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Satire

Drawing Inspiration From Pirates

In June of 2005, a middle-aged American couple were yachting on the Red Sea when they suddenly found their vessel surrounded by Yemeni pirates.

The armed scallywags tried to board the yacht in an attempted takeover.

Despite being outgunned and outmanned, the couple managed to drive off their attackers.

The ride back to shore, for these pirates, was undoubtedly silent. Each man, staring off, dazed, wondering what went wrong. No man able to look at another in the eye.

Finally, one speaks up.

“Yarr, we’re…we’re not good pirates,” he says defeated.

Word of this incident swiftly spread round the world and nearly sunk the piracy profession.

Many a young man, considering piracy as a career swiftly changed their majors.

Many a pirate traded in their peg legs for crutches or wheelchairs.  Others had optic surgery, discarding their eye patches and their dreams to become doctors, lawyers and investment bankers instead.

The skull and crossbones inspired laughter instead of dread (unfortunately, because of this, many people also no longer took the symbol for poison seriously, resulting in several hospitalizations)

On the rare occasion that the Jolly Roger was flown, it was flown ironically.

It was no longer considered ‘impressive’ to speak to your boss, religious leader or girlfriend’s parents using pirate language.

Piracy, as the world knew it was dead.

How often have you or I been in this situation?

You suffer one defeat, make one big mistake and it seems like it’s all over.

You lost the firm’s biggest client and now he’s been put on the missing persons list.

You break up with your girlfriend via the scoreboard at the Yankees game and now she never wants to talk to you again, despite the fact that you sent a barbershop quartet to her house begging her for your stuff back.

You text your boss that you plan to bring plates to the annual company picnic, only the auto-correct changes the word ’plates’ to ’slaves’ and now your boss changes his budget based on your promise.

You’ve made a mistake.  You’ve lost your credibility and now you’re in the same boat as those pirates, heading into shore, unsure if you’ll return to sea without having to wear a fake moustache or some sort of disguise.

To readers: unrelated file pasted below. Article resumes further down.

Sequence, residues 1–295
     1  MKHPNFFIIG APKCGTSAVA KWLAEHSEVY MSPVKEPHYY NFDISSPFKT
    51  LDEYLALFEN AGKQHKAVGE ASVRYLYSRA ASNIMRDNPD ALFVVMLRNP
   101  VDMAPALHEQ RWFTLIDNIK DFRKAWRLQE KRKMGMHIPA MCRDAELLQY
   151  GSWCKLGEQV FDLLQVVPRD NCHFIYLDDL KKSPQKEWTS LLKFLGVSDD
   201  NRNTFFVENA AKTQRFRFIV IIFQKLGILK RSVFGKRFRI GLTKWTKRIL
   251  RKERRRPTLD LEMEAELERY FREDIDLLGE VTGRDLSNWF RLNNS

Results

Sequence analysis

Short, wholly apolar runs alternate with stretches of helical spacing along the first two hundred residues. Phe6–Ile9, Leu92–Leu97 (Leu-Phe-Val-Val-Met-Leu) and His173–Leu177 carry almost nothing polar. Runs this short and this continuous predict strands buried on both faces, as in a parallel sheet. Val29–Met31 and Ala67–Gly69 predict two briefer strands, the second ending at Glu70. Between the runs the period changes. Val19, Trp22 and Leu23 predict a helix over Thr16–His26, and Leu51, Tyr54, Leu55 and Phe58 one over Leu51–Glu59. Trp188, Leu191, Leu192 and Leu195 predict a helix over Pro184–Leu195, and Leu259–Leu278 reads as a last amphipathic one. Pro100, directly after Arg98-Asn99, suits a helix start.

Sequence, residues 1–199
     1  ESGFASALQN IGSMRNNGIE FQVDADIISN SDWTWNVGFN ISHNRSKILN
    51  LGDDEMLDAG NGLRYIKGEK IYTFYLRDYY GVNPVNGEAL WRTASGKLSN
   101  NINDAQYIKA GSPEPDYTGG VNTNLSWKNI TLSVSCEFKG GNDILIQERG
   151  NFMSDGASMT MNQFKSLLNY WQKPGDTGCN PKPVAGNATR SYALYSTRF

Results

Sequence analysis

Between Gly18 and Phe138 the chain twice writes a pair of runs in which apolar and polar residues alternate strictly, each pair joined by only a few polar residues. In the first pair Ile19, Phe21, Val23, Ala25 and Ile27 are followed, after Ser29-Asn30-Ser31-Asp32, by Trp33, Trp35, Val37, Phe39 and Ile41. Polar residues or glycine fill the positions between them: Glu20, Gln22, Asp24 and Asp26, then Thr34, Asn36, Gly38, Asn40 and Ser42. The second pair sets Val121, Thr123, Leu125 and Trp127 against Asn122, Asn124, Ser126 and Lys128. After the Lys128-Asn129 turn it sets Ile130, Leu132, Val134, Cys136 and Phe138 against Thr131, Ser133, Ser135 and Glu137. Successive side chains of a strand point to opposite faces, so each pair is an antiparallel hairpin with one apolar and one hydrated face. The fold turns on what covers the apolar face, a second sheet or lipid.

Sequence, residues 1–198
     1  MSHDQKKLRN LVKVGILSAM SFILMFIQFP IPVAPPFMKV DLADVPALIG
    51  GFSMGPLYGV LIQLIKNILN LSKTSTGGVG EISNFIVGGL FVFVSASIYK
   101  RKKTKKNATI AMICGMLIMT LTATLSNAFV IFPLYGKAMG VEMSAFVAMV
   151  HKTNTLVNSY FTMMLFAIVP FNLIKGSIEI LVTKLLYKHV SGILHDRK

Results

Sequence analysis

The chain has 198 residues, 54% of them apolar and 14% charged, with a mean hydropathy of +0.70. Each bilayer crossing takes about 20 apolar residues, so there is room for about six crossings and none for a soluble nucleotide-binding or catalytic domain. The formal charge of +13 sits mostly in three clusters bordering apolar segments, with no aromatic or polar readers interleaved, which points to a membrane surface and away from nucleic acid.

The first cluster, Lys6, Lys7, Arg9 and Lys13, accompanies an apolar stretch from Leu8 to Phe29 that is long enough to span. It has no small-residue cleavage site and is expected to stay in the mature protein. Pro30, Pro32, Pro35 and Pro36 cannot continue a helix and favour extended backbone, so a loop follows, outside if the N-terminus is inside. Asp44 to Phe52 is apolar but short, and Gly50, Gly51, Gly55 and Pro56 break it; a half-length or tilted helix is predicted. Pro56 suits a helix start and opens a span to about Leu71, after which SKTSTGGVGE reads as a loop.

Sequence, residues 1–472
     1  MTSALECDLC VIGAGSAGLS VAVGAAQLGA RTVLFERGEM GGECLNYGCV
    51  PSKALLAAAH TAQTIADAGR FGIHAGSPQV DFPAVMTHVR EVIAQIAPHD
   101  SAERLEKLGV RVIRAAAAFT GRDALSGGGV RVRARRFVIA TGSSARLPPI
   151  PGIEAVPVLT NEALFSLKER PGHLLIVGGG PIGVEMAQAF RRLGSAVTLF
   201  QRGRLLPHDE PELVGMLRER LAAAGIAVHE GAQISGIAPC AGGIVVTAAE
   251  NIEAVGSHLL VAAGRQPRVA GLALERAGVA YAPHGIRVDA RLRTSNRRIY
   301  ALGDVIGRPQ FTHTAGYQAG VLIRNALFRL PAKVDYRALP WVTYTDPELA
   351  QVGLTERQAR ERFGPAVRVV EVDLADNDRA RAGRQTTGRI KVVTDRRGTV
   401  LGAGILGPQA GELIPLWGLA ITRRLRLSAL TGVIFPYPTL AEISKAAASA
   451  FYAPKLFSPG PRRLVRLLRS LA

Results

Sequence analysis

Well, it’s 2012 now and you’ll be happy to know that pirates are terrorizing, killing and stealing more than ever.

Piracy is now a 107 million dollar a year industry.

How did pirates manage this turn around?

First, they invested resources to appear more professional. In fact, Africa’s pirates are now so organized their ransom notes are now delivered on letterhead.  Just ten years ago, this concept was unthinkable (mostly because the majority of pirates still had dot matrix printers).  Imagine, if you sent a note to that lost client’s wife, on letterhead, explaining that the client had promised to pick up the tab and asking if she could send you a check.  Just think of how impressed she would be.

Second, the pirates showed a capacity to change in the face of adversity.  Rather than rude and crudely written ransom demands, with the word ’arr’ being constantly used as an adjective and a generic filler, ransom letters are now quite pleasant.  What if you went to the doorstep of that girl you so callously broke up with via scoreboard, told her you wanted her back and took her out to a nice dinner.  I bet you would get your stuff back.  Then, instead of breaking up with her in front of tens of thousands of people, you could do it with privately, with an airplane toting a banner, while you’re on vacation some place else.

And finally, the pirates never gave up. How easy would it have been to stay on land, like so many other pirates and do something else, like open a restaurant or become a brain surgeon?  If your autocorrect said you would bring slaves to the company picnic, then follow through, go out, get those slaves and bring them to your company picnic.  If you get in trouble with the law, just explain to the police that you thought you were bringing plates.  They’ll understand.

So the next time you think you’ve been defeated, that all is lost, just think of those pirates, and hang in there.  Just don’t think of the Yemini pirates. They were all killed.

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About Tim Kochenderfer

Tim Kochenderfer is a published and internationally produced playwright and humor writer, as well as a ten time Emmy award winning TV producer. His 22 plays have been performed in every state and in almost 20 countries. For more of his work: http://www.playscripts.com/author.php3?authorid=82 http://www.brookpub.com/default.aspx?pg=ab&afn=Tim&aln=Kochenderfer http://www.cracked.com/members/tim-kochenderfer_contributor Contact: timkochenderfer@yahoo.com

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